Poster sessions allow a researcher to discuss his or her research study or case report with interested persons for an extended period and in more depth than is possible in a ten-minute paper presentation. It also allows attendees to select the papers they are most interested in and concentrate on them. A successful poster requires care and planning. An extra hour spent preparing your materials and organizing your display will contribute heavily towards making a success of the session.
Setting and Materials
Each poster will be presented along with other posters dealing with similar problems or issues. Each poster will be allocated a poster board. The poster boards are portrait and take an A0 size poster.
It is on this board that the poster materials should be displayed.
Please note, posters can only be fixed using adhesive Velcro tabs – please do not use pins or blu-tack. Velcro will be provided on the day.
No electrical outlets or audio-visual equipment will be provided in the poster area, even if you requested it in your submission; you must be prepared to deliver your presentation based solely on the materials that can be directly affixed to the poster board.
Setting Up and Taking Down
Each poster board will carry a number in the upper corner corresponding to the poster’s listed number found in the conference programme (ask a Conference Assistant for help at your poster session if unsure). Poster presenters should arrive at the poster display area 15 minutes before the beginning of the poster session to set up their display materials. At the end of the session, display materials and all other materials must be taken down immediately and removed from the area within 15 minutes. If they are still on your board after this time, we reserve the right to remove and dispose of the poster. No responsibility can be taken for any loss or damage to your poster. Putting up your poster is taken as acceptance of these conditions.
It is essential that your display materials be both clear and visible. Most people will be viewing your poster from a distance. It should be easy to identify the poster and the presenter(s) by including a complete heading on the poster. This is desirable for two reasons. First, many posters will be going on simultaneously in the display area. Persons interested in a particular paper may have difficulty locating the poster, perhaps missing it completely, if it is not clearly identified. Second, many people will be wandering through the display area out of general interest and curiosity. Your paper may well be of considerable interest to them (and their comments of interest to you). Clear title/presenter headings will greatly increase the likelihood that such contacts will be made.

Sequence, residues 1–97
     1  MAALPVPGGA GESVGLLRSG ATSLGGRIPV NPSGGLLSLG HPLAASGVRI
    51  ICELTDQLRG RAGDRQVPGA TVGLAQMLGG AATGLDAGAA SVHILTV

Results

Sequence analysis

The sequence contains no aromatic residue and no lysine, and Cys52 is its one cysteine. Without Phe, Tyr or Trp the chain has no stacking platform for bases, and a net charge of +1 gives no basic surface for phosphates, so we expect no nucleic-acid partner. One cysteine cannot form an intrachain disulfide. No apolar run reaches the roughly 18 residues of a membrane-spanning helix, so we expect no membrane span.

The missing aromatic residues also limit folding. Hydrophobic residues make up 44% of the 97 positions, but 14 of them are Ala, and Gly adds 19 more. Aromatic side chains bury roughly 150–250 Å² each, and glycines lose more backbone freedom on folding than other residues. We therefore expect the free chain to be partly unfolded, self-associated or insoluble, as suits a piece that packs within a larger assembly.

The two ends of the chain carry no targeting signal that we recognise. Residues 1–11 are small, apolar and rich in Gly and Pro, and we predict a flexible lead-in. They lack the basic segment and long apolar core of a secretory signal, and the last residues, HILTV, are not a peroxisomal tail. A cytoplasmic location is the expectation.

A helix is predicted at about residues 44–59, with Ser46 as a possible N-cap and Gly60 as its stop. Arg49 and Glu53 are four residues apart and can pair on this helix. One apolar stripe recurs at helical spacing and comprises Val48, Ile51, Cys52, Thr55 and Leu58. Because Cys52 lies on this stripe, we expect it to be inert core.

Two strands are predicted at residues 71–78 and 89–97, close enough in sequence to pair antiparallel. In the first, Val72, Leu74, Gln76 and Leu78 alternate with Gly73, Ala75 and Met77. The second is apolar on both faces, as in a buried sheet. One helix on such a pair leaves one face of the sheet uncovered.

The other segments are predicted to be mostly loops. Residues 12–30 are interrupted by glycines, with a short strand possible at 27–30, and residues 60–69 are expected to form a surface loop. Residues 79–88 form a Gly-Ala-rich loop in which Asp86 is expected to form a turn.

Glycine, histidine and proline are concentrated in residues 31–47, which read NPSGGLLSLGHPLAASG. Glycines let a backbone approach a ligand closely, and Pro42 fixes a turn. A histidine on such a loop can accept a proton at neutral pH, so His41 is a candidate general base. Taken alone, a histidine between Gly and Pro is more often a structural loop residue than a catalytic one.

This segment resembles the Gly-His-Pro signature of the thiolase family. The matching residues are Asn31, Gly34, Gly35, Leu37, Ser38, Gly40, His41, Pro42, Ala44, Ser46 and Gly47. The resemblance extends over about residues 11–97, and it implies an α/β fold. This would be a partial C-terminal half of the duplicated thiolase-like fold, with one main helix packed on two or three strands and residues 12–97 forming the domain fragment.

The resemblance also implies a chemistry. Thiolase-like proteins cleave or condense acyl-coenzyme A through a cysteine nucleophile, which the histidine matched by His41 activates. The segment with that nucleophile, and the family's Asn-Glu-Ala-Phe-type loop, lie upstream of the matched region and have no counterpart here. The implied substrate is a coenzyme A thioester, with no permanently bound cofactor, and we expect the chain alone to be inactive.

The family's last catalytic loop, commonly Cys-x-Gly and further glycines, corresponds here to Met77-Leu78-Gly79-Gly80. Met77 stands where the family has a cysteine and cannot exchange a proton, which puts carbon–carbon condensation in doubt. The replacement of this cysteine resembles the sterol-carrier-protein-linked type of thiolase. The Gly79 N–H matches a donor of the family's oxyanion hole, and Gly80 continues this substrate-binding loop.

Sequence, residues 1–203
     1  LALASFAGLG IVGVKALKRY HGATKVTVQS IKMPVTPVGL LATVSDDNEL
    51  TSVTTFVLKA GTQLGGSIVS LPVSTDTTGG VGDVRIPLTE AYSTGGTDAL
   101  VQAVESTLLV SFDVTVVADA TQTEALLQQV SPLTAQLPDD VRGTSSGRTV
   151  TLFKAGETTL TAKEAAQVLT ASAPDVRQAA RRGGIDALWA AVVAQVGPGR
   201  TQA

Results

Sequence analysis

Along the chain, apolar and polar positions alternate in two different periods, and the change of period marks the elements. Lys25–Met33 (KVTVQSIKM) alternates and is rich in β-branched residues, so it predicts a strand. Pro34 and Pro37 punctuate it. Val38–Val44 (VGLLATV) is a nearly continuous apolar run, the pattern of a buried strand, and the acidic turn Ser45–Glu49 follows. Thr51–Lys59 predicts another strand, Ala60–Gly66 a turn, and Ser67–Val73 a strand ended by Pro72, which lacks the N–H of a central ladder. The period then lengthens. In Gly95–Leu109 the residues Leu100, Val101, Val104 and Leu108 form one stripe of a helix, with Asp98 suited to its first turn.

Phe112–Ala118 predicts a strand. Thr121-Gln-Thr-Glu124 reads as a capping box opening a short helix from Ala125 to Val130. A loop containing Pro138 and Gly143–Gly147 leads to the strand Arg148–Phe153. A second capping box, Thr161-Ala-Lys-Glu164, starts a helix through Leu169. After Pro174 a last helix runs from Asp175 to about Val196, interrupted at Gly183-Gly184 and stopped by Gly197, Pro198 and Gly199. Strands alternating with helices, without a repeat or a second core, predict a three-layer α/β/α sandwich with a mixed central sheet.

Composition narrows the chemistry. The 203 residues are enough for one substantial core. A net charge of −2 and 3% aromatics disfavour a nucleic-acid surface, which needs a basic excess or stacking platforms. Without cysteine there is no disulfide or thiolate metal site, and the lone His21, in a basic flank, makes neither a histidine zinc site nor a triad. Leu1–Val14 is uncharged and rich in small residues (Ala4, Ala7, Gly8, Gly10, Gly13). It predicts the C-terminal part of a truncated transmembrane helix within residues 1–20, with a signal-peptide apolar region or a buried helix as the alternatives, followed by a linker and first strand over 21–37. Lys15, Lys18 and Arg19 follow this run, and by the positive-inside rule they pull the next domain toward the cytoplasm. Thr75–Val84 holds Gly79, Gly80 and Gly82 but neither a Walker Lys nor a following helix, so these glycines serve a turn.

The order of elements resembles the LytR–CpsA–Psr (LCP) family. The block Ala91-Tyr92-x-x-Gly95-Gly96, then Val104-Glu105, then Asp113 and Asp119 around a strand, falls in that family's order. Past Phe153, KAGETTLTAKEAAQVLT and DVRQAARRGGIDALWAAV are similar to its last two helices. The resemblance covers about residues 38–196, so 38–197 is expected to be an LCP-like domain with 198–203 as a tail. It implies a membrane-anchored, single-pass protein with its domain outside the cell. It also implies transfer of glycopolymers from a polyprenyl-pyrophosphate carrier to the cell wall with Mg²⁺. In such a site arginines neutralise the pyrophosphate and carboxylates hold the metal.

As a general rule, it is recommended that the title be in 3 cm print or larger. The authors and the affiliations can be done in 1.5 cm print. It is not a good idea to include any display materials done in regular size type e.g. 12 point. Instead, you may wish to include an abstract typed in a large, clear type and several large, clearly labelled graphs and other visual aids. Figures that take up a regular page are probably adequately large, but even larger materials would be desirable. If tables are included, they should probably be larger than a standard sheet of paper. Pictures, diagrams, and other materials of adequate size are often helpful. A useful rule here is that your material should be easily read from a distance of 1 to 2 metres.
The poster should be as neat and visually pleasing as possible. Hand lettering of materials is generally not satisfactory. The creative use of colours in lettering background and figures can add considerably to poster appeal. You must be able to quickly assemble and take down your poster materials.
All materials you wish to display should be related to your presentation and the materials described in the abstract you submitted to the Scientific Committee.
Giving a poster is not just a matter of preparing visually attractive materials. The format also requires a different approach to oral presentations of research. The basic rule is to provide a short, clear, non-technical description of what you did, why you did it, and what you found. Generally, you should not go into detail regarding subjects, apparatus, or details of procedure. Attendees will assume that these details were completely handled— those who need to know can request a full copy of the paper. For example, you should keep references and reviews of the literature to a minimum. The format requires you to be bold in your style and to condense complicated descriptions into a few short sentences. Above all, a poster is not just a regular paper in large type stuck on a board. It is a discussion-oriented format. The poster should communicate the issue and conclusion. The discussion in person with conference delegates should fill in the details.
Your materials should be on display and you should be available to discuss the materials and answer questions. Many presenters wish to provide handouts about their project. These may include an abstract of the paper or perhaps a copy of the complete paper itself. Other authors prefer to send reprints of their paper by email after the Congress is over and provide “reprint-request” sheets.
These guidelines are for guidance only and are based on a variety of existing publicly available guidelines.